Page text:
The International Organization for Standardization (ISO), a worldwide conglomerate of some 100 national standards federations, has designed a universally acceptable set of quality management and quality assurance standards known as ISO 9000. These are the only internationally recognized quality standards that cover the entire business life cycle of a product or service.
The ISO 9001 standard applies to product design, development, production, installation, service, and document and data control, and is applicable across all engineering disciplines. Compliance with ISO 9001 is a requirement for doing business in many countries. Here in the United States, many companies require evidence of ISO registration before they will even consider giving a contract to a software development company. Furthermore, many software development companies additionally require all of their suppliers to be ISO registered.
A major factor of ISO 9001 is the requirement to define all processes related in any way to product quality, to document and follow all processes, and to provide evidence of compliance. These processes are usually audited at least semiannually, and serious non-conformances can result in the loss of a company’s ISO registration.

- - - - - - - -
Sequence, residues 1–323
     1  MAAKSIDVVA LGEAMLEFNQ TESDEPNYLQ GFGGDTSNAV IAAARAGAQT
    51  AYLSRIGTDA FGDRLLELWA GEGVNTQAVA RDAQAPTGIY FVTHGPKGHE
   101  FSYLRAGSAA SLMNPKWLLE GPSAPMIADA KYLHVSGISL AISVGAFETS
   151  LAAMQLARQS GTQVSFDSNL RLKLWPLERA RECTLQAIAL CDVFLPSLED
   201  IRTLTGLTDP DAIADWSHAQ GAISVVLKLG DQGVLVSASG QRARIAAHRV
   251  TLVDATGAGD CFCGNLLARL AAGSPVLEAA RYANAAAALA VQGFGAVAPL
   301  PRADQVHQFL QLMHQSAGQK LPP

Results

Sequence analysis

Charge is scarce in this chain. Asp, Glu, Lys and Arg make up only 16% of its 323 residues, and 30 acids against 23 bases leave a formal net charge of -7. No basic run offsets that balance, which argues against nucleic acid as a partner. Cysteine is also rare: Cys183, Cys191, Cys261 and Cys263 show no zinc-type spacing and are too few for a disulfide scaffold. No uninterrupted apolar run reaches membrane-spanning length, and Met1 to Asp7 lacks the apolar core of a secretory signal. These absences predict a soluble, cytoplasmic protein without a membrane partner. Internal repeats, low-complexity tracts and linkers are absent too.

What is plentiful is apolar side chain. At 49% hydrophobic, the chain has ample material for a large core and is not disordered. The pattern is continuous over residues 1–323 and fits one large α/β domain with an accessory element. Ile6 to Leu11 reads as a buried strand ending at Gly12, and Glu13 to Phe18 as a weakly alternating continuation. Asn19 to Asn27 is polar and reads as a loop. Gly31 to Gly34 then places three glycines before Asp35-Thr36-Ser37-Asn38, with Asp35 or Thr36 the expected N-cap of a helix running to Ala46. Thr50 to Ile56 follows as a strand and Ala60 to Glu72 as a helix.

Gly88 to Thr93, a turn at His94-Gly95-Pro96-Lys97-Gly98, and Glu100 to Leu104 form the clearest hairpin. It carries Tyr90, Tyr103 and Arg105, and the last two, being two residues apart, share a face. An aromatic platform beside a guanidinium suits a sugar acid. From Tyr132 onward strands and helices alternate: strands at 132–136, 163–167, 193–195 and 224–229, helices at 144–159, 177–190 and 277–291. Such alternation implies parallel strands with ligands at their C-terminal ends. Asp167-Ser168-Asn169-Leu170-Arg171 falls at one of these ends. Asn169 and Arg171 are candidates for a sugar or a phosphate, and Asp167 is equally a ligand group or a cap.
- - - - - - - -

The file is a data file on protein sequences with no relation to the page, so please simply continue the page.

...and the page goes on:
Maintaining ISO certification requires ongoing evidence of meeting the stringent requirements of standards. Evidence is examined and documented via a continuing program of independent surveillance audits conducted by a certified ISO registrar. A special set of guidelines (9000-3) has been provided to help interpret the standard for use in software development.
In CSC 492, software development is conducted following ISO 9000 guidelines. The CSC 492 Software Development Process contains the following elements of ISO 9000 related to software product development:
- Documented product development process with measurements and controls of both process and product.
- Establishment of requirements prior to starting development.
- Documented product acceptance criteria.
- Schedule of development activities (Task Plan).
- Records that show a match between development specifications and requirements.
- Records of development analysis and review activities.
- Documented evidence of design reviews.
- Documented software development specifications that describe all programs and data structures.
- Description of how development changes are received, evaluated, approved, and implemented.
- Development verification activities.
- Evidence of verification activities such as inspections, tests, and prototyping.
- Documented test plan.
- Identification and analysis of software defects and other problems.